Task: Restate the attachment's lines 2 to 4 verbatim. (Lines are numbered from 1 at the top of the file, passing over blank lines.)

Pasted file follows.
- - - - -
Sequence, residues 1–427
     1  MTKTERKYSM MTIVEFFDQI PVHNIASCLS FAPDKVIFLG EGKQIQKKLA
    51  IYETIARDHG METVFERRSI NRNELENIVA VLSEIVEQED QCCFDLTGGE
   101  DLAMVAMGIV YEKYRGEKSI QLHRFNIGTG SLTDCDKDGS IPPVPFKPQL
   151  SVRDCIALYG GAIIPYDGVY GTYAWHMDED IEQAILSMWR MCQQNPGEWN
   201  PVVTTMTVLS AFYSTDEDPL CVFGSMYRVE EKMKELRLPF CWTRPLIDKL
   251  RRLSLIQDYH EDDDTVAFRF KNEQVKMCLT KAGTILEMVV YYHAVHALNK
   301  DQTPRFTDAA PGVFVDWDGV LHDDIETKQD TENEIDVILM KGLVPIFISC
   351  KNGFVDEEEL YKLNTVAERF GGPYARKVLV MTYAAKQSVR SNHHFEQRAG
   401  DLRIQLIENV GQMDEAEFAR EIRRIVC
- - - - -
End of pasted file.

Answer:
     1  MTKTERKYSM MTIVEFFDQI PVHNIASCLS FAPDKVIFLG EGKQIQKKLA
    51  IYETIARDHG METVFERRSI NRNELENIVA VLSEIVEQED QCCFDLTGGE
   101  DLAMVAMGIV YEKYRGEKSI QLHRFNIGTG SLTDCDKDGS IPPVPFKPQL